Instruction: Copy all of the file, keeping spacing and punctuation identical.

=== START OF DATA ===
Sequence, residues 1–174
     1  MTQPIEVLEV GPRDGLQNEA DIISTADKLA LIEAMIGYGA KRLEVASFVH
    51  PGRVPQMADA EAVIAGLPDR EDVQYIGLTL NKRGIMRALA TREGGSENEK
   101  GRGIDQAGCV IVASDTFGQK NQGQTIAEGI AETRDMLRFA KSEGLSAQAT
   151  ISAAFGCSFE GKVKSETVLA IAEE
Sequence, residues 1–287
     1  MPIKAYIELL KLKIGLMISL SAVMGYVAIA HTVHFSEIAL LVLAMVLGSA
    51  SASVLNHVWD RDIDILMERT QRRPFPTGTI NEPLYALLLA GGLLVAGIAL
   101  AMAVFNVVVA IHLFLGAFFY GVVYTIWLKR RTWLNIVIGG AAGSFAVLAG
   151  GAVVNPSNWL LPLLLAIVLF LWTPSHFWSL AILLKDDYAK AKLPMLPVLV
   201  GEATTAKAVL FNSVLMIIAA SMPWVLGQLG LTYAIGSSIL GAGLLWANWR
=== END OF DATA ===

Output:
Sequence, residues 1–174
     1  MTQPIEVLEV GPRDGLQNEA DIISTADKLA LIEAMIGYGA KRLEVASFVH
    51  PGRVPQMADA EAVIAGLPDR EDVQYIGLTL NKRGIMRALA TREGGSENEK
   101  GRGIDQAGCV IVASDTFGQK NQGQTIAEGI AETRDMLRFA KSEGLSAQAT
   151  ISAAFGCSFE GKVKSETVLA IAEE
Sequence, residues 1–287
     1  MPIKAYIELL KLKIGLMISL SAVMGYVAIA HTVHFSEIAL LVLAMVLGSA
    51  SASVLNHVWD RDIDILMERT QRRPFPTGTI NEPLYALLLA GGLLVAGIAL
   101  AMAVFNVVVA IHLFLGAFFY GVVYTIWLKR RTWLNIVIGG AAGSFAVLAG
   151  GAVVNPSNWL LPLLLAIVLF LWTPSHFWSL AILLKDDYAK AKLPMLPVLV
   201  GEATTAKAVL FNSVLMIIAA SMPWVLGQLG LTYAIGSSIL GAGLLWANWR